Network capabilities impact system architecture and embedded application design. Global time and clock alignment in distributed systems is essential for design of embedded systems, distributed (also M2M) communication and controls. Minimimum jitter and latency variability simplify design of control applications, help to reduce the complexity and size of software code, and simplify system integration and maintenance.
For system designer, the synchronization simplifies sensor fusion, distributed processing and redundancy management. It narrows the number of possible outcomes and helps to predict system behavior under different loads or faults. The system synchronization supports design of deterministic systems and reduces the complexity of critical embedded systems.
This is true as long as synchronization capabilities are a part of the solution, and not contributing to design and integration challenges. The mechanism for synchronization can be more or less reliable or perform differently under different scenarios. As synchronization is tightly related to system operation, its properties can influence distributed functions integrated in one system.
Comparing IEEE1588 and SAE AS6802
IEEE1588 distributes external clock source (world clock) timestamps in Ethernet networks, while SAE AS6802 aligns local clocks in the system to some precision (µs). They are created by different communities of engineers with different target applications in mind.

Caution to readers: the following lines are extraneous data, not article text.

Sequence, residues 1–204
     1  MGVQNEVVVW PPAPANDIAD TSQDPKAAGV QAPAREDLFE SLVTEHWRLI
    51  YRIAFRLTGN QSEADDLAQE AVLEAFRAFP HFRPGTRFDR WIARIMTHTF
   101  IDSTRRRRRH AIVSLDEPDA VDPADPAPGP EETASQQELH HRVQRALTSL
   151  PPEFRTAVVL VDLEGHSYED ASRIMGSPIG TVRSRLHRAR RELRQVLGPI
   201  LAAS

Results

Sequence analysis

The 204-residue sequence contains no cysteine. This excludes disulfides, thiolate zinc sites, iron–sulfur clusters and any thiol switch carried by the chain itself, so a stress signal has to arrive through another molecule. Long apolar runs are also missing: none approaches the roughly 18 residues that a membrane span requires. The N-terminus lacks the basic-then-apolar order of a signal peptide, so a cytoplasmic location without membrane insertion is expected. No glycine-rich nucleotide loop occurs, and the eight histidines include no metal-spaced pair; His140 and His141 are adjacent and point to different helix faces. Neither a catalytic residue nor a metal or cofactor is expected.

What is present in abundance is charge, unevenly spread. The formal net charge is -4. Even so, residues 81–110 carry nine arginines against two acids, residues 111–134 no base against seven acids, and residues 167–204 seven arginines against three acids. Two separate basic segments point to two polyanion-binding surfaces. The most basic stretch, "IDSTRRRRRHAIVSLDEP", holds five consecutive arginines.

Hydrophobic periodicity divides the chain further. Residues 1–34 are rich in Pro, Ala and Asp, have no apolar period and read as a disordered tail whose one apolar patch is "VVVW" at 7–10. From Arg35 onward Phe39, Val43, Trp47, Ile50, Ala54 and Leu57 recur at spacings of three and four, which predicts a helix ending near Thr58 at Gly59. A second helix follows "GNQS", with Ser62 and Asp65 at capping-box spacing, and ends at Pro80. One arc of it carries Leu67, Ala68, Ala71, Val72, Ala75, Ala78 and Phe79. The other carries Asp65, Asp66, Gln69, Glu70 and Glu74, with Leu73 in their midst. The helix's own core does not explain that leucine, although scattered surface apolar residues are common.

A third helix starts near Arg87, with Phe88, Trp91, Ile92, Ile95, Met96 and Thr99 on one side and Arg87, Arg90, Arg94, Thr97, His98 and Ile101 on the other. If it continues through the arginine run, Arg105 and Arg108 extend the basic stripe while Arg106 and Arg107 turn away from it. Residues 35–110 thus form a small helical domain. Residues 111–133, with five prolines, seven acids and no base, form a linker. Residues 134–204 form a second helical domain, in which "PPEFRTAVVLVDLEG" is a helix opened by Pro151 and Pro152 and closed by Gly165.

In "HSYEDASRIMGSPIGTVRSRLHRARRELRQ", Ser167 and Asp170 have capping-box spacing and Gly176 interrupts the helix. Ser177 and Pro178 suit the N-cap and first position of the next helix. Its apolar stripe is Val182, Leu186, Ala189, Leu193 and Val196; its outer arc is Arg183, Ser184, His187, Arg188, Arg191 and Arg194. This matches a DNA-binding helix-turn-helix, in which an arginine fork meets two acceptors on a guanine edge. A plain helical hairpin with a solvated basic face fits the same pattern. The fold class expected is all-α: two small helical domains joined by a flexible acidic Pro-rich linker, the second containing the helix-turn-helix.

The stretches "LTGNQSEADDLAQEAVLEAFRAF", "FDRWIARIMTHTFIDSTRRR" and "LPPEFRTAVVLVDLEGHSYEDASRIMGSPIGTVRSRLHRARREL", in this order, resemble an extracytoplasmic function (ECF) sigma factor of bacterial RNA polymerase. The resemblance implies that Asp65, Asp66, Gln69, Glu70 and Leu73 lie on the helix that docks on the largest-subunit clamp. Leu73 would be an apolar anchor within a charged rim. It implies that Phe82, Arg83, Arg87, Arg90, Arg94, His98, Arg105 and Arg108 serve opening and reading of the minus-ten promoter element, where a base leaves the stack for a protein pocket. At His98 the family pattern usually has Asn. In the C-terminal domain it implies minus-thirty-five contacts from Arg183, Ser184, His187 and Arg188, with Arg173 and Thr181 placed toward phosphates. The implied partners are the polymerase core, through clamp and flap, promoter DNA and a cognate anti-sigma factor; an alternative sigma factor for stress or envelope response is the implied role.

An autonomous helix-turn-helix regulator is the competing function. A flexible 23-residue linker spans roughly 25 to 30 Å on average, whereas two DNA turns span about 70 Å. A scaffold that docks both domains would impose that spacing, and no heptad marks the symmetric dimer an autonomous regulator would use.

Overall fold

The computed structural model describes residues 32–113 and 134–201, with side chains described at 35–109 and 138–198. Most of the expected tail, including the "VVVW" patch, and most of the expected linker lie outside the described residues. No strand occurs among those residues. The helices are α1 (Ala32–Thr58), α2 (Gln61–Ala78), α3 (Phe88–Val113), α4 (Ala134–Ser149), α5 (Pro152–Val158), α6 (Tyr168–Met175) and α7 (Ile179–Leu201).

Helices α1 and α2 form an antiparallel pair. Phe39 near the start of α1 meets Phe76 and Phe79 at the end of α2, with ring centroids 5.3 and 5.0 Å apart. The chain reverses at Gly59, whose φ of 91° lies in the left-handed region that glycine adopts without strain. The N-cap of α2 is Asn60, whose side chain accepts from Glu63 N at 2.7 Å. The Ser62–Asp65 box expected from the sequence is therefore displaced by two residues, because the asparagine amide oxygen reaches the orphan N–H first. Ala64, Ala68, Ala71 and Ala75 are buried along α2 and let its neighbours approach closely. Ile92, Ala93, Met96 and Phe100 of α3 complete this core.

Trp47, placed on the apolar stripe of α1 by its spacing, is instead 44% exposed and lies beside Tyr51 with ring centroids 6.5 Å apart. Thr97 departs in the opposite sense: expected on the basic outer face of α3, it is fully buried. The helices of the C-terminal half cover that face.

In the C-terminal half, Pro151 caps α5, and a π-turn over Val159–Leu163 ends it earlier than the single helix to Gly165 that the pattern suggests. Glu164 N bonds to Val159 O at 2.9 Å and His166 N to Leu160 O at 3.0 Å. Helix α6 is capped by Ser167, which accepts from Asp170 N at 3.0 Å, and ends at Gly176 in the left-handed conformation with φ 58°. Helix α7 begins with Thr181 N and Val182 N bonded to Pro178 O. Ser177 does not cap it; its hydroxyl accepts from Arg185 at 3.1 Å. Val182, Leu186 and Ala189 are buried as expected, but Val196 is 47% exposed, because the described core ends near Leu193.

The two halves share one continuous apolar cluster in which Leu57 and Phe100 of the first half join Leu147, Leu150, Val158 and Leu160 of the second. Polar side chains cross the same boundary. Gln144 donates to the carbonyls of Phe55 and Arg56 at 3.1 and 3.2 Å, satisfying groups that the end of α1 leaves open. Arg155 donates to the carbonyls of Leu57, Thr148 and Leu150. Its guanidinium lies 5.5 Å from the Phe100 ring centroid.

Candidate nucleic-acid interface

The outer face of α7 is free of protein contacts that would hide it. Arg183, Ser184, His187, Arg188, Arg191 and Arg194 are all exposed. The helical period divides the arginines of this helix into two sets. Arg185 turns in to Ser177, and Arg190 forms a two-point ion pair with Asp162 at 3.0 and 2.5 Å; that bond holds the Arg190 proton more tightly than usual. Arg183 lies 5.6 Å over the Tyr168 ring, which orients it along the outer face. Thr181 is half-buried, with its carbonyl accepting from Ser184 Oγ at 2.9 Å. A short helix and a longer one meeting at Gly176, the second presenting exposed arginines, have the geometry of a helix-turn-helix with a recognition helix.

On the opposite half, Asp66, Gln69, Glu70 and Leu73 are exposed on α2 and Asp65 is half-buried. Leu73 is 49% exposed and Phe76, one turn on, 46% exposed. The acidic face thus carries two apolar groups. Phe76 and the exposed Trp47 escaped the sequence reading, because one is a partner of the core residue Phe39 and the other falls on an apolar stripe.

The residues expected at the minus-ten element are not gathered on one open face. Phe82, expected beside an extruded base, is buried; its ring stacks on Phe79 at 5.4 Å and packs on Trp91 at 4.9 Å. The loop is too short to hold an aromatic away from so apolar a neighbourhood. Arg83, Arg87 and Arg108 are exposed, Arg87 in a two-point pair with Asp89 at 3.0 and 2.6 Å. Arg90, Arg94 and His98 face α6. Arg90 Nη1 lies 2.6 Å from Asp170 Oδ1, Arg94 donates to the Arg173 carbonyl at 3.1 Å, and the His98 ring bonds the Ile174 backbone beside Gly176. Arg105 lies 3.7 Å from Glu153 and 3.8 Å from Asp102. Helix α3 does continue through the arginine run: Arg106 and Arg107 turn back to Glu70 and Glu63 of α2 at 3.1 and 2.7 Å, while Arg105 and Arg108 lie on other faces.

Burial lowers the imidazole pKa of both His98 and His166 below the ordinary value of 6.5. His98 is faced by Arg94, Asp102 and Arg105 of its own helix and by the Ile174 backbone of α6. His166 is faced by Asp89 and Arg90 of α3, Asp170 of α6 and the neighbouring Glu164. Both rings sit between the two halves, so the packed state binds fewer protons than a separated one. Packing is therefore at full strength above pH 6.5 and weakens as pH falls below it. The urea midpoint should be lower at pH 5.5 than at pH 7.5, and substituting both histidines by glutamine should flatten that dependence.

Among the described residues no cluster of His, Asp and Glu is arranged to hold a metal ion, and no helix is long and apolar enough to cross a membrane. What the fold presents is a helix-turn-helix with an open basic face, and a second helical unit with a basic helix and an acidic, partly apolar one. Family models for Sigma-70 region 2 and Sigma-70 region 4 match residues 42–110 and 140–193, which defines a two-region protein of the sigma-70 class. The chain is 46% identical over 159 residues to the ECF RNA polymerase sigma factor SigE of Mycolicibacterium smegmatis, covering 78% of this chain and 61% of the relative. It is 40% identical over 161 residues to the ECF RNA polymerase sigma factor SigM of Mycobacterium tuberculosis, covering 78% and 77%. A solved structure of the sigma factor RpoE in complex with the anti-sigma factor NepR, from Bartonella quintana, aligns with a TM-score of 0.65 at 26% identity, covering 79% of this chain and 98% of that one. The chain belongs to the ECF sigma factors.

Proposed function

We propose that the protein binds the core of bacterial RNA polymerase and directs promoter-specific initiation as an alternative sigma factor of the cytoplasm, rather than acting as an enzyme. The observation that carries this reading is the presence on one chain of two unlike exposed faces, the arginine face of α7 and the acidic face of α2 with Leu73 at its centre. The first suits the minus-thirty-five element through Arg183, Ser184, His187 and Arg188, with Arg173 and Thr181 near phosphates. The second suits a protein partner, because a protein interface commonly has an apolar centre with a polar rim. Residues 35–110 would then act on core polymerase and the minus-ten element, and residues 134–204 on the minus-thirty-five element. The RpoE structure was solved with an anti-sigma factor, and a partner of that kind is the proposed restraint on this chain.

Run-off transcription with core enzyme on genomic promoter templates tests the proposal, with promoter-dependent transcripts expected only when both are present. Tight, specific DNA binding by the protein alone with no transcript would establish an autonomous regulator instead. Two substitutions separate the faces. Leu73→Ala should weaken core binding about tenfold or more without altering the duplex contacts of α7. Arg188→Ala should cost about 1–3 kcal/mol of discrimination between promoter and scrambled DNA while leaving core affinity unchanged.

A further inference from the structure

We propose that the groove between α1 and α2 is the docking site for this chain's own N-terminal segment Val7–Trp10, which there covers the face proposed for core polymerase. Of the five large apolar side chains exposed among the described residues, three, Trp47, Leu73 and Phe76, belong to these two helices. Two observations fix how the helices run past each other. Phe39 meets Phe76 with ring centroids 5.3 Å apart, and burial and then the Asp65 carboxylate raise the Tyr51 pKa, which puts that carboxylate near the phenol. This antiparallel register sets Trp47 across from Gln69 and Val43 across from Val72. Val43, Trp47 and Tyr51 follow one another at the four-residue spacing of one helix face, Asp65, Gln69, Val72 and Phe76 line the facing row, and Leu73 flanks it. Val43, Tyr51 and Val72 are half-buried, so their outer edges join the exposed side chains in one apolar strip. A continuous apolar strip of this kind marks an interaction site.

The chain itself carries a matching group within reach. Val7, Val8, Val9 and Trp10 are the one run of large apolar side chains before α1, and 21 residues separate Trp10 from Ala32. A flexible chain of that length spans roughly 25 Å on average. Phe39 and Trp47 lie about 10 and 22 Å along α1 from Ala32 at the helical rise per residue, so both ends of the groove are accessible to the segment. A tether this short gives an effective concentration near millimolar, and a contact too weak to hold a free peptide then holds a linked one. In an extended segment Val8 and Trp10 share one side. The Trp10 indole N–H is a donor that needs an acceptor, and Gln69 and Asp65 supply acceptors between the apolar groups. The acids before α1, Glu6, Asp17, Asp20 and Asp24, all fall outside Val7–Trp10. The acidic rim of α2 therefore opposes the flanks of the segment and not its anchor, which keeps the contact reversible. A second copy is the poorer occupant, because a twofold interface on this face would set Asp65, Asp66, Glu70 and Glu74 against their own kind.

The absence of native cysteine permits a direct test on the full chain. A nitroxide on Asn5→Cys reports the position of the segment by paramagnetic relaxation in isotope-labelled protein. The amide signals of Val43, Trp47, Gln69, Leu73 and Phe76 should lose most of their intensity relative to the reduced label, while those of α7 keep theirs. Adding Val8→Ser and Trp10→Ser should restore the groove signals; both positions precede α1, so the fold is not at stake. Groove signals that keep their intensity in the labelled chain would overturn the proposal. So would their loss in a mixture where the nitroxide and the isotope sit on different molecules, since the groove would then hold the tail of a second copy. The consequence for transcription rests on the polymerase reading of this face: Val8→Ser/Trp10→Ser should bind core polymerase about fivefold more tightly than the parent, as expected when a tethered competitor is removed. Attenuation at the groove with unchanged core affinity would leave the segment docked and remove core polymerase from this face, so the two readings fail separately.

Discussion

For critical embedded applications, it is essential to take into account synchronization topics which are not considered in non-critical applications. Clocking sources can dissappear(and come back) transiently, provide wrong time, time sources can be interpreded differently by different time users, also rogue units can behave as clock sources or obstruct synchronization. Even with redundant external time sources, there is no absolute guarantee that the system will have robust performance. Real-time controls for critical infrastructure require the availability of continuous timebase, even in a system with faulty or rogue components. And even if the system synchronization fails completely (e.g. EMI (e.g. thunder) or complete power down), its startup and recovery timing must be defined. SAE AS6802 relies solely on internal (local, CPU) clock sources and ensures that different types of faults are tolerated to provide continuous system time with zero fail-over, as it is not based on grandmaster or best master concept from IEEE1588. In a system using IEEE1588, the BMC (Best Master Clock) algorithm is used to automatically determine the current ‘best’ clock, which becomes the new grandmaster. The challenge with this algorithm is that it behaves well in benign cases, but it can lead to discontinued or false synchronization for a period of time, which can lead to total system failure in more complex scenarios. In critical infrastructure applications, benign failure cases are not a real challenge. Real pain comes from more complex failure scenarios, and they can create severe cost or catastrophic consequences.
As IEEE1588 and SAE AS6802 offer quite different synchronization methods, both approaches can work in one Ethernet network at the same time.
More information on synchronization and mechanisms applied in SAE AS6802 can be found here.